While biblical scholars increasingly use insights from postcolonial theory to interpret the Bible, the Bible itself is often neglected by postcolonial criticism, with the result that there is little influence in the other direction: from the Bible to postcolonial criticism. This second edition of Last Stop before Antarctica begins to repair the imbalance by pointing to the vital role that the Bible played in colonization, using Australia—one of the first centers of postcolonial criticism—as a specific example. Drawing upon colonial literature, including explorer journals, poetry, novels, and translations, it creates a mutually enlightening dialogue between postcolonial literature and biblical texts on themes such as exodus and exile, translation, identity, and home.
Roland Boer, Ph.D. (1993), McGill University, is Research Professor in Comparative Literature and Cultural Studies at Monash University. He is the author or editor of numerous books including Rescuing the Bible (Blackwell), Criticism of Heaven (Brill), and Bakhtin and Genre Theory in Biblical Studies (Society of Biblical Literature). He is founding and managing editor of the international journal, The Bible and Critical Theory.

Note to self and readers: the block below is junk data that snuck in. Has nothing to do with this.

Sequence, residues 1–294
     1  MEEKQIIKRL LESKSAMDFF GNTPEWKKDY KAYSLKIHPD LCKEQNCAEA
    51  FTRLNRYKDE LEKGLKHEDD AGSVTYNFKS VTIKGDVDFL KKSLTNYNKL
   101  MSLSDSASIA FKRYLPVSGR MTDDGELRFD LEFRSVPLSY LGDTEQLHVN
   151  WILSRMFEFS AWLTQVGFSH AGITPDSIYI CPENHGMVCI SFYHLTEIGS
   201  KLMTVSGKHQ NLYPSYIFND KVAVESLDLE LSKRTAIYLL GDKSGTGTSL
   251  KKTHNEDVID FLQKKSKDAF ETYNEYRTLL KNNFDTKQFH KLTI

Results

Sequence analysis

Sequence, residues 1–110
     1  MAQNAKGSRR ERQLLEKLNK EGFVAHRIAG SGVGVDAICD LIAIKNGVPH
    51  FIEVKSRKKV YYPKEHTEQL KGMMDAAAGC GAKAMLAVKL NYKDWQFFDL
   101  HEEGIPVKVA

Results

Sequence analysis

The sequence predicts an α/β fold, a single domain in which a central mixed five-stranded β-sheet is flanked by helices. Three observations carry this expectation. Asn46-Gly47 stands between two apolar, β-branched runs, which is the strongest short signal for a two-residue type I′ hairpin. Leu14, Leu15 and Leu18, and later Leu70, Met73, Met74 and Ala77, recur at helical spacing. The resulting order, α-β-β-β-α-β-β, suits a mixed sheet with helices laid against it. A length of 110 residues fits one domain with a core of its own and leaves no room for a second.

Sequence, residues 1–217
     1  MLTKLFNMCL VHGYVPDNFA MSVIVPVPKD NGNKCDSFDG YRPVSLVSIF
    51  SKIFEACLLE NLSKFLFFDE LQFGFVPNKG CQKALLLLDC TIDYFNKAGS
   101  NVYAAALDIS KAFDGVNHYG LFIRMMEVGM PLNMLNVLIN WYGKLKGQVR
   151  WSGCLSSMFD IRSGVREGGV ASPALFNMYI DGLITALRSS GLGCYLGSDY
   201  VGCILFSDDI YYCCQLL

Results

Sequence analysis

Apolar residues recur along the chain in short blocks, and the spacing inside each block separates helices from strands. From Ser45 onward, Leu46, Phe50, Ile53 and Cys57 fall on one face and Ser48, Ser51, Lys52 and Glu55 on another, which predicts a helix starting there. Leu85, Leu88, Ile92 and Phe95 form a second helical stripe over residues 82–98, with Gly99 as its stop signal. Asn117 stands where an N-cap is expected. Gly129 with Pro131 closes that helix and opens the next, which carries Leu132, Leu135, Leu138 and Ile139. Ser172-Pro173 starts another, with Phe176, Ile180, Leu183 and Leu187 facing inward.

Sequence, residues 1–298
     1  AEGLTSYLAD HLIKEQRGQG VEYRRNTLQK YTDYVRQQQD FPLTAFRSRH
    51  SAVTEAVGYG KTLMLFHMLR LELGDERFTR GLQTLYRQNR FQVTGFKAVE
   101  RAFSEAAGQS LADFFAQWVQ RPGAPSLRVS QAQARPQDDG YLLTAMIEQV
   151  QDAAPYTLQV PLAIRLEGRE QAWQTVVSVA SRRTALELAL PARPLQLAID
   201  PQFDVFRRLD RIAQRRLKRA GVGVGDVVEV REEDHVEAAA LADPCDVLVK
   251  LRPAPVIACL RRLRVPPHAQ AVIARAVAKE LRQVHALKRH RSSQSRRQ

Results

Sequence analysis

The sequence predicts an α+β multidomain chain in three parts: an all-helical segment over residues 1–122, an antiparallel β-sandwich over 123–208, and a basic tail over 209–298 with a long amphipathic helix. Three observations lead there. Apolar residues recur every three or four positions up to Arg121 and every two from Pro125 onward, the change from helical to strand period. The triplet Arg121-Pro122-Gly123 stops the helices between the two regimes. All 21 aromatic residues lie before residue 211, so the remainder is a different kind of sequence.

Hardback edition available from Brill Academic Publishers (www.brill.nl)
“[This book’s] distinctive contribution to the growing literature of postcolonial biblical studies is its tracing of the presence of the Bible in diverse modes, some of them benign, in the colonial and postcolonial world. … This is a fascinating and, with the advance of globalization and the supposed ‘crisis of capitalism’, a yet more topical read.” — W. J. Houston, Journal for the Study of the Old Testament
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